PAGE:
Facing History and StoryCorps provides lessons about American history and social issues designed to promote critical thinking skills, empathy and tolerance, and a sense of civic responsibility. In addition to the link to “(Re)building Classroom Commuity Post-Election” below, the site also offers the posts and topics:
Now is the time of year to learn about and share cultural traditions in a way that expands students’ knowledge, interest, and respect for all people. The article referenced below offers teachers suggestion son how to observe the variuos cultural and religious holidays and celebrations in their classrooms throughout the year.
Find out about the unique challenges facing English language learners (ELLs) who have learning and attention issues, and what can parents do to help.
English Language Learner Classmates and the Classroom Social Skills of Students with Disabilities (click on title to open article)
The article above describes social skills improved for kindergarten children with a disability when more English language learners were in the classroom with them. While English language learners’ social skills didn’t change as a result of having children with a disability in their classroom. As a result, researchers concluded that schools should focus attention the characteristics of students who perform well and not as well in classroom settings to see if their is a pattern, and then to work on strategies that will help all students do well.
Source: Teachers College Record Volume 117 Number 7, 2015, p. 1-40
http://www.tcrecord.org ID Number: 17960, Date Accessed: 9/16/2016
English language learners’ experience with technology can vary greatly from one student to the next. Some kids may have never used a computer. Others may be doing all of the troubleshooting! This resource section provides ideas for using technology with ELLs, activities for using multimedia tools, and bilingual tips for managing media at school and at home.
Recommended Resource from Understood.org
For more great ideas, take a look at the bilingual resources on Assistive Technology from Understood.org, a free website focused on learning and attention issues.
In the future, I will offer a tool kit with information on how to teach English with a hearing impairment. I’m able to do so with hearing aides and listening devices that enable me to isolate sounds so I can listen to individual students in noisy environments and minimize peripheral noise while in small group settings. Listening devices alone cannot substitute for teaching strategies designed to meet my needs while, at the same time, give students what they need from me in a way that keeps them learning and engaged.
Below is a presentation that contains helpful suggestions for hearing impaired teachers in general.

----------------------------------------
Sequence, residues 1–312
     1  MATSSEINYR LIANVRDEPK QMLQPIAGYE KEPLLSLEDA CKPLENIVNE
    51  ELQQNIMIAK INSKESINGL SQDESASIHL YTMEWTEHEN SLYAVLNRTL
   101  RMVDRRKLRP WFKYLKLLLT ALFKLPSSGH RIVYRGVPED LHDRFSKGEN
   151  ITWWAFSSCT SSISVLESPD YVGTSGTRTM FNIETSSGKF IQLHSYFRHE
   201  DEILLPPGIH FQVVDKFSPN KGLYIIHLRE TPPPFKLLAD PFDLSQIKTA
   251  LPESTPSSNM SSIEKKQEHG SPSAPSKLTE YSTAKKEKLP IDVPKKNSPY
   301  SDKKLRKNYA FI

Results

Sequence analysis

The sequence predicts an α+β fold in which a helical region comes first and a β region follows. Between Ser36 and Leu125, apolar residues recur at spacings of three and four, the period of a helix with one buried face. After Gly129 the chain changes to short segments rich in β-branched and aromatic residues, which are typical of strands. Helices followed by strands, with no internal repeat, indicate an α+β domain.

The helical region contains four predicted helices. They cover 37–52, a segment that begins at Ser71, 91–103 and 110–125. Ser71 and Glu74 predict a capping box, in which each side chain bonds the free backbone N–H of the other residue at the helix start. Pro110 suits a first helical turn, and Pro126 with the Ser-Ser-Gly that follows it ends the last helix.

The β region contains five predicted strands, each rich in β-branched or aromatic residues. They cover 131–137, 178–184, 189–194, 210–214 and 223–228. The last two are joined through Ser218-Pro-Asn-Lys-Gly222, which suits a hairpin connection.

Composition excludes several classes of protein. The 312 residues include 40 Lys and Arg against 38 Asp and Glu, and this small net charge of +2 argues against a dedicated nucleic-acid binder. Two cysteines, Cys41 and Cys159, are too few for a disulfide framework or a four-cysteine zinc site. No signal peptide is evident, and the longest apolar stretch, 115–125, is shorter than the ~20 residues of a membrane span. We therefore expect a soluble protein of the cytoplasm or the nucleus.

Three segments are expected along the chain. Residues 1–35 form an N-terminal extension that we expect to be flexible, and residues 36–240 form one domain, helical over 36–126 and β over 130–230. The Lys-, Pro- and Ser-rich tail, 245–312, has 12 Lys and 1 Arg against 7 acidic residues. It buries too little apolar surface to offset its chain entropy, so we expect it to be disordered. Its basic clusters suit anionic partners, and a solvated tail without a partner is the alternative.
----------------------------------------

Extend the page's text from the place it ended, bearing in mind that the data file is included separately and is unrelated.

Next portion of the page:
Source: Hearing Loss: Strategies for the Classroom Teacher Victorian Deaf Education Institute June 25, 2015. (https://www.youtube.com/watch?v=ISWkl29SpwU Accessed 8/30/16)
The Sing Out Loud American Rhythms website features FREE songs, lyrics and readi (ng, writing and speaking activities for teen and adult English language learners–and people who enjoy hearing good music! Teachers can download the songs, information about the songs (including artist credits) and pre- and post-listening activities by clicking on the song’s title under the Table of Contents. An additional, generic list of activities is available for use with any of the songs on this site as well. English language levels are indicated for activities associated with individual songs as well. This site has it all!
This speaker offers several suggestions for how to make language easier for people to understand–and why it’s so important to do so. By law, U.S. government agencies must use “plain language” (common words, short sentences, no idioms and graphics). Companies should use plain language; but, as yet, are not required to do so. My hope is that companies use plain language in their documents and when speaking with people who need it in order to communicate with someone and comprehend what is being said.
ASCD is a global community dedicated to excellence in learning, teaching, and leading. Comprising 125,000 members—superintendents, principals, teachers, and advocates from more than 138 countries—the ASCD community also includes 54 affiliate organizations.
Our diverse, nonpartisan membership is our greatest strength, projecting a powerful, unified voice to decision makers around the world.
NOTE: Most resources are for member access and registration is not free. The site does offer a free trial membership and some materials for free.
This is one of the best international continuing education sites I’ve seen for English language teachers. If you agree, please consider sharing this site with your colleagues.